Fuel was another problem in the early days. A diligent search over a large area of prairie still yielded a few sacks full of very hard dried buffalo chips which proved to be an excellent fuel. But for a quick hot fire small bundles of prairie hay were often used. The only wood available was on the islands of the Platte and that was difficult to get to shore. The fuel shortage induced John Kolb to plant a large grove of trees on his claim. He also set out two orchards of fruit trees that in later years provided his growing family with an abundance of fruits. In the year 1875 he built his first frame house, consisting of four rooms and a pantry and also another barn and other needed buildings. All the lumber and rocks for foundations were hauled from Ashland, a distance of sixteen miles. That was time consuming and hard work.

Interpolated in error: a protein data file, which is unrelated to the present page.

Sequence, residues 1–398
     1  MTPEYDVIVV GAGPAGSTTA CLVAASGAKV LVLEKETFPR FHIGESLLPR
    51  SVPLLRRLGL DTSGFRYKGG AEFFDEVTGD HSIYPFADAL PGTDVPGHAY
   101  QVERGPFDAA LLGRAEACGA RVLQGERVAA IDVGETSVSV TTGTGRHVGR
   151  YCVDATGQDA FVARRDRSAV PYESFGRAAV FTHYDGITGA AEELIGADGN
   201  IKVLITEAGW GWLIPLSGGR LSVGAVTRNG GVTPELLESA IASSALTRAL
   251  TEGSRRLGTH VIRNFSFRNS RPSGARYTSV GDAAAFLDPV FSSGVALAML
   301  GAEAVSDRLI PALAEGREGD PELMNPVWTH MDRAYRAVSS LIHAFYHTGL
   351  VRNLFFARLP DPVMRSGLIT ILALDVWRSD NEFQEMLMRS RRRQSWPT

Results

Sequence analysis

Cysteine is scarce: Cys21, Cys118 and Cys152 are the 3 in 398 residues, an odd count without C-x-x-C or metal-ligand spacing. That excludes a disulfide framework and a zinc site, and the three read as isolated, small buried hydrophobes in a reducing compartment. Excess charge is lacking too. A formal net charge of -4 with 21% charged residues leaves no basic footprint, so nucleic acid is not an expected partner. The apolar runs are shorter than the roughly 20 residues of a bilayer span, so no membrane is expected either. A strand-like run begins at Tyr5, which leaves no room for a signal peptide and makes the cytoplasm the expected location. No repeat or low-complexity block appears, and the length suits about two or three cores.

In the late seventies came the dry years and grasshoppers. The swarms of hoppers or so called Locusts almost obscured the sun and devoured everything green, even stripping the young trees. Those were discouraging years that tried the stamina of the homesteaders and many of the less steadfast pioneers called it quits; sold their claims and vanished. Only the more hardy, courageous Swedes, Germans and Irish remained to build up the eastern part of Saunders County.
In the early 1880's the rains came again and the country flourished. This brought in a new wave of immigrants and soon Saunders County became well populated. Submitted by Wm. O. Kolb